Blue-faced broad-billed hummingbird

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Blue-faced broad-billed hummingbird
Blue-faced broad-billed hummingbird ♂

Blue-faced broad-billed hummingbird ♂

Class : Birds (aves)
Order : Sailor birds (Apodiformes)
Family : Hummingbirds (Trochilidae)
Genre : Cynanthus
Type : Blue-faced broad-billed hummingbird
Scientific name
Cynanthus doubledayi
( Bourcier , 1847)

The blue-faced broad-billed hummingbird ( Cynanthus doubledayi ) or Doubleday broad-billed hummingbird is a species of bird from the hummingbird family (Trochilidae). The species is endemic to Mexico . The IUCN assesses the population as Least Concern (not endangered).


The blue-faced broad-billed hummingbird reaches a body length of about 8 to 9 centimeters. The straight beak is red with a black tip. The front upper head of the males glitters turquoise blue, the throat even more intense violet blue. The underside shimmers blue-green. The under-tail-coverts are blue-black with pale gray, thin hems that can hardly be seen in the wild. The females resemble the blue-throated broad-billed hummingbird , but are slightly smaller and the tail appears dull gray-green, which stands out clearly from the emerald-green back.


Not much is known about the behavior of the hummingbird, but it is believed to be similar to that of the blue-throated broad-billed hummingbird.

distribution and habitat

Distribution area (green) of the blue-faced broad-billed hummingbird

They live in dry to semi-arid bushy forests, in scrub and semi-open areas with isolated trees. They can be found at altitudes from sea level up to 900 meters on the Pacific slopes from western Guerrero via Oaxaca to eastern Chiapas .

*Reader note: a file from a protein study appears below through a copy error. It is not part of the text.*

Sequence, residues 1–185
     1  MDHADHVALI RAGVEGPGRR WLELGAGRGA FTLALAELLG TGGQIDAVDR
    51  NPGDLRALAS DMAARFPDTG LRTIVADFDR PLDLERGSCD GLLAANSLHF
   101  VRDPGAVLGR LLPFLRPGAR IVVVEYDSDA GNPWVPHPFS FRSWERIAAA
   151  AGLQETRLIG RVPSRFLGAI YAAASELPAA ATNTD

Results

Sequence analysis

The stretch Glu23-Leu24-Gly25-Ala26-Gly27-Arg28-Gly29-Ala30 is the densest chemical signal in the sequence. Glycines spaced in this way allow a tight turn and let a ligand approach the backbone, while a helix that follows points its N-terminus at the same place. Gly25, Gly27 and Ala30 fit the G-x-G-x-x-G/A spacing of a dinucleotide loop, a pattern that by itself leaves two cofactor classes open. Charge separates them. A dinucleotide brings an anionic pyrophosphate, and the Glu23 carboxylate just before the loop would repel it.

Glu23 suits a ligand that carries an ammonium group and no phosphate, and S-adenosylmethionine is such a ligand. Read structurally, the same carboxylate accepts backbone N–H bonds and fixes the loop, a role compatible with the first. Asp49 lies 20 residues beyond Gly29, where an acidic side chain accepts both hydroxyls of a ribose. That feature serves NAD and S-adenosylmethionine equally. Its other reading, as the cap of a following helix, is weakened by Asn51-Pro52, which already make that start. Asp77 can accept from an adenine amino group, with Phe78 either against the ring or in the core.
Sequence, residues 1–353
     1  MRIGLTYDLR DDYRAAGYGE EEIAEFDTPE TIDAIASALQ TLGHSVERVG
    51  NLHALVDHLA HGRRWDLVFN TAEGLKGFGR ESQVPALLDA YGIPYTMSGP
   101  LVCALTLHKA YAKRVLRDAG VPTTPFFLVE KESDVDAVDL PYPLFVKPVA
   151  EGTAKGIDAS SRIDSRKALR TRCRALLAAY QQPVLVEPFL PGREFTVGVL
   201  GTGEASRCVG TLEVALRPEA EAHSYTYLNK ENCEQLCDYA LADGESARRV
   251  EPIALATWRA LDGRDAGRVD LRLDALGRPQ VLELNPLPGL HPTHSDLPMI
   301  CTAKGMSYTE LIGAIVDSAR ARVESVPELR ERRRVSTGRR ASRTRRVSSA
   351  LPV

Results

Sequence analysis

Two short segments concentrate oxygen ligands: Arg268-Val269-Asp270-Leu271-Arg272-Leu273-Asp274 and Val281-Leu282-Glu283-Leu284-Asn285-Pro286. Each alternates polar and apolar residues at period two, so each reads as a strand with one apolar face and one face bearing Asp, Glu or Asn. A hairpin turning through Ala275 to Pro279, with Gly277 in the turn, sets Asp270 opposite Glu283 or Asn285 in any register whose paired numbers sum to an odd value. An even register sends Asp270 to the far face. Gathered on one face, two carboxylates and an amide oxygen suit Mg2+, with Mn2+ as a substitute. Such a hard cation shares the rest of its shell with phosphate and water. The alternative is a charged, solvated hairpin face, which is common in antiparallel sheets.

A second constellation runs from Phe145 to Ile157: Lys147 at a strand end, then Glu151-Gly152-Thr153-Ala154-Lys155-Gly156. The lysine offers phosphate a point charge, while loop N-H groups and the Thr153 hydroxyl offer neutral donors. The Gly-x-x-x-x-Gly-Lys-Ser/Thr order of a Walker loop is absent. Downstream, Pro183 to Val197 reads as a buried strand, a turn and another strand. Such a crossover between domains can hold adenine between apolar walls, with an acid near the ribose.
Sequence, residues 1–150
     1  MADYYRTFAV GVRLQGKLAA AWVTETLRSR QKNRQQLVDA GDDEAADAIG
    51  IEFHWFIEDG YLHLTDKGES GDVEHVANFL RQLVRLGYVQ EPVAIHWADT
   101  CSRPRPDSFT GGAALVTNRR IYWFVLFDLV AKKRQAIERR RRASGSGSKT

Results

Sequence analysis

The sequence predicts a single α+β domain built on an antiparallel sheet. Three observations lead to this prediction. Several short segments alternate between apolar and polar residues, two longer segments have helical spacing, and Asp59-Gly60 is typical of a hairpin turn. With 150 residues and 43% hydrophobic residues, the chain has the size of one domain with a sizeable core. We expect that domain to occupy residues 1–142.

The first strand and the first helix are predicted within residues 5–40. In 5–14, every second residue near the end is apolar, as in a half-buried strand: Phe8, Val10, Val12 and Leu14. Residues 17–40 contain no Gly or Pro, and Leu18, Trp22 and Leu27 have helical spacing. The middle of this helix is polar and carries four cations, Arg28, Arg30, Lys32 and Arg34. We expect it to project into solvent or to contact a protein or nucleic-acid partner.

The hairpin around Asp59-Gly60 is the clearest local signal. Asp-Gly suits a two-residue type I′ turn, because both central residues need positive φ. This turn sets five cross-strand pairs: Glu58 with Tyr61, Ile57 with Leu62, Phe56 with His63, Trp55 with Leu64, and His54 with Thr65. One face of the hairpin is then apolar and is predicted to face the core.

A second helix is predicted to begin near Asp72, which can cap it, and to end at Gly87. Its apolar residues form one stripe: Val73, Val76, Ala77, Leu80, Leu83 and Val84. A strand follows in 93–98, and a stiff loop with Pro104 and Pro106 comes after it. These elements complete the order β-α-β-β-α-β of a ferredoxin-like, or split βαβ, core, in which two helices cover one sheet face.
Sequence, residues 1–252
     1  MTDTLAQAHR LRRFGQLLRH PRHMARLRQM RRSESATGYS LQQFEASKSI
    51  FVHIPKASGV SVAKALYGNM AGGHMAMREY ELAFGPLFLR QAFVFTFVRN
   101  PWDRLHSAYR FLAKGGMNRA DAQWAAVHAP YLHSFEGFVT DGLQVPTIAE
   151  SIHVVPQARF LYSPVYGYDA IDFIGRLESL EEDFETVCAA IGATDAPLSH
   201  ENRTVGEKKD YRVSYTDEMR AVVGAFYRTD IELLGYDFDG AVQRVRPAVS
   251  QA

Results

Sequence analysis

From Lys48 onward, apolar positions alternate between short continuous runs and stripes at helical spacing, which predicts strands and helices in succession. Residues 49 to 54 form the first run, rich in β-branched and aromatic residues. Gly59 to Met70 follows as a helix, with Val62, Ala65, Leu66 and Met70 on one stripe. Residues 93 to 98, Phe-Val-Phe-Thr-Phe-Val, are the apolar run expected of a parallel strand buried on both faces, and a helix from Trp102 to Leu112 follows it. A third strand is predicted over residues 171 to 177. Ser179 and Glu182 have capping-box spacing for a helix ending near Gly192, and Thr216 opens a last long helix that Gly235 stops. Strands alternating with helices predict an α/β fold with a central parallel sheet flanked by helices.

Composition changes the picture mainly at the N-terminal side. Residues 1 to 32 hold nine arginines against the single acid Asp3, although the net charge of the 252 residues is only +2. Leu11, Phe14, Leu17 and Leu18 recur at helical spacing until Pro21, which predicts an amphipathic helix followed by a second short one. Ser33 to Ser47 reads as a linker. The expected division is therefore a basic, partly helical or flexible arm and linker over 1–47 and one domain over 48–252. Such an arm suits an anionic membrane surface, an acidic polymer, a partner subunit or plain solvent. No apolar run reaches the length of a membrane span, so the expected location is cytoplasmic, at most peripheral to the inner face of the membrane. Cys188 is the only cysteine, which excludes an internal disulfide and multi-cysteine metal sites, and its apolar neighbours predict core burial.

Their calls sound like a dry chatter, similar to that of the blue-throated broad-billed hummingbird. When they have settled on branches, they often emit a lively chik, chik, chick, chik, chik , with particular emphasis on the first and last notes.

Etymology and history of research

Jules Bourcier described the blue-faced broad-billed hummingbird under the name Trochilus Doubledayi . Bourcier suspected that the type specimen came from the Río Negro . William Swainson introduced the new genus Cynanthus in 1827 for the blue-throated broad-billed hummingbird , which was later assigned to the blue-faced broad-billed hummingbird. This name is a Greek result from "kyanos κυανος " for "dark blue" and "anthos ανθος " for "blossom". It is unclear who should be honored with the species name "doubledayi", as Bourcier did not provide any information. If one follows Étienne Mulsant , who, like Bourcier, came from Lyon and also published with him, then the name is dedicated to Edward Doubleday (1810–1849).


  • Steve NG Howell, Sophie Webb: A Guide to the Birds of Mexico and Northern Central America . Oxford University Press, Oxford 1995, ISBN 978-0-19-854012-0 .
  • James A. Jobling: Helm Dictionary of Scientific Bird Names . Christopher Helm, London 2010, ISBN 978-1-4081-2501-4 .
  • Jules Bourcier: Description de quinze espèces Trochilidées du cabinet de M. Loddiges . In: Proceedings of the Zoological Society of London . tape 15 , 1847, p. 42-47 ( ).
  • Étienne Mulsant, Édouard Verreaux: Histoire naturelle des oiseaux-mouches ou colibris constituant la famille des trochilidés . tape 2 . Deyrolle, Paris 1876 ( online ).
  • William Swainson: On several Groups and Forms in Ornithology, no hitherto defined . In: The Zoological journal . tape 3 , no. 11 , 1827, pp. 343-363 ( online ).
  • William Swainson: A synopsis of the birds discovered in Mexico by W. Bullock FLS and HS, and Mr. William Bullock, jun . In: The Philosophical magazine: or Annals of chemistry, mathematics, astronomy, natural history and general science (=  2 ). tape 1 , no. 85 , 1827, pp. 433-442 ( online ).

Web links

Commons : Blue-faced Broad-billed Hummingbird ( Cynanthus doubledayi )  - Collection of images, videos, and audio files

Individual evidence

  1. ^ IOC World Bird List Hummingbirds
  2. a b Steve NG Howell et al. a., p. 405.
  3. Steve NG Howell et al. a., p. 406.
  4. a b Jules Bourcier, p. 46.
  5. ^ William Swainson, p. 441.
  6. James A. Jobling, p. 129.
  7. Étienne Mulsant, p. 46.


  1. The first description probably appeared in The Philosophical magazine . However, it cannot be ruled out that it first appeared in The Zoological journal from the same year.
  2. Other sources name his brother Henry Doubleday (1808–1875), to whom the name is dedicated. Since Bourcier used a manuscript by George Loddiges (1786–1846), this cannot be ruled out either.